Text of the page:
In-between Men: Diasporas’ Experience and the Homoeroticism of Gibreel Farishta and Saladin Chamcha in The Satanic Verses

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Ming Panha

Abstract

This article aims at analyzing Salman Rushdie’s The Satanic Verses in terms of nationality and sexuality by focusing on the development of Gibreel Farishta and Saladin Chamcha’s viewpoint about heterosexual identities. It argues that both characters’ desire to escape their homeland is also their desire to remain heterosexual. With the theoretical frameworks of Eve Kosofsky Sedgwick’s homosocial desire and Gayatri Gopinath’s queer diaspora, the article argues that the space of home, together with the desire to settle down, which means establishing home, entails homoerotic traits as one of its key factors. Consequently, both characters’ drive to escape their homeland could be considered homophobic, and, with their inability to accept their own homoerotic traits, they both fail to settle down in the host country. In the end, the article argues that the novel puts a premium on the acceptance of the instability of identities and reconciliation with home.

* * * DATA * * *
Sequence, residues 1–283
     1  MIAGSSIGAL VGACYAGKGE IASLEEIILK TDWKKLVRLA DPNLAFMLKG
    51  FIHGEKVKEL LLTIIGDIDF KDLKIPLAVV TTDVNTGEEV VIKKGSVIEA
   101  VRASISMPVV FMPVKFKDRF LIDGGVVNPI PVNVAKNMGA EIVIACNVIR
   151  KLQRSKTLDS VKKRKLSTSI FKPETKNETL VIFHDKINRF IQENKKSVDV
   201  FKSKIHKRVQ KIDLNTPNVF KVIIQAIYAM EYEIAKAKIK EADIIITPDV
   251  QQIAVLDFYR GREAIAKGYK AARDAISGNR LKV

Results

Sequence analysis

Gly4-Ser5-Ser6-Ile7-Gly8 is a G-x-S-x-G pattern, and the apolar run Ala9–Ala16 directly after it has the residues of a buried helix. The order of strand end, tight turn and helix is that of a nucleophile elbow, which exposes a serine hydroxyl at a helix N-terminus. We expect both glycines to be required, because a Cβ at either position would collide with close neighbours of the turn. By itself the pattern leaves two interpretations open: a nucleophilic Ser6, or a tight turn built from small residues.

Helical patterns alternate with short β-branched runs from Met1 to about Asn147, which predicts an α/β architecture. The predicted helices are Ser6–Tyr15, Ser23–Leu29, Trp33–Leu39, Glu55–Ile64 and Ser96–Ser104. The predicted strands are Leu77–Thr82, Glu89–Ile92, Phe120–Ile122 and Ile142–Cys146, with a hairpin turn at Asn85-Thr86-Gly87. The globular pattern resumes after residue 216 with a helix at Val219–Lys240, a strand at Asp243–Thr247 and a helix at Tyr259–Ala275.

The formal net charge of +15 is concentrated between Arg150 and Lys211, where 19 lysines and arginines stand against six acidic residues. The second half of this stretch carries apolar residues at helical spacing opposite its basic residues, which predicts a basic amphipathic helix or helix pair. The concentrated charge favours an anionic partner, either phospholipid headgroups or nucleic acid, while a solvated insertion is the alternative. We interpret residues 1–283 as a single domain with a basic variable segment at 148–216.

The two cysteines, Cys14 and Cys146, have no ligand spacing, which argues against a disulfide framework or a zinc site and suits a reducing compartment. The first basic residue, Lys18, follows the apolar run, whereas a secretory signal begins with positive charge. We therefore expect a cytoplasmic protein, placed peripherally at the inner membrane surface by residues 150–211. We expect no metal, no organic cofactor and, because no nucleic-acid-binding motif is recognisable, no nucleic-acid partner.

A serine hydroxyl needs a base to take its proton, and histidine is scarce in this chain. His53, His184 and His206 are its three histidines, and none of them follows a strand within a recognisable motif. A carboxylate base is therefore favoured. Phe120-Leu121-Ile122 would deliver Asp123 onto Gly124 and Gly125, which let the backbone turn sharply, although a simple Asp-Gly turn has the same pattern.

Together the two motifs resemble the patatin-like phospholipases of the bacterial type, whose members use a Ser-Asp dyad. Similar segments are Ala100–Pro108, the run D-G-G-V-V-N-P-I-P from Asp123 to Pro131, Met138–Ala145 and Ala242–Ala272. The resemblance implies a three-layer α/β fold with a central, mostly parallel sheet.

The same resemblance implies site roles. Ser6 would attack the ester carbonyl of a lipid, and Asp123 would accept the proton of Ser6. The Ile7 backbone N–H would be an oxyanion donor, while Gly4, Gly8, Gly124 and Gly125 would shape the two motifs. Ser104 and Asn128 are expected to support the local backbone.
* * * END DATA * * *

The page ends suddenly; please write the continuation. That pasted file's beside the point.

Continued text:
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Author Biography

Ming Panha

Ming Panha is a lecturer at the Department of English Language and Literature, Faculty of Liberal Arts, Thammasat University. He gained his B.A. degree from the Faculty of Arts, Chulalongkorn University, majoring in English. He graduated from Royal Holloway, University of London, receiving an M.A. in English Literature. His interests include nineteenth-century British literature, animal studies, and postcolonial literature.

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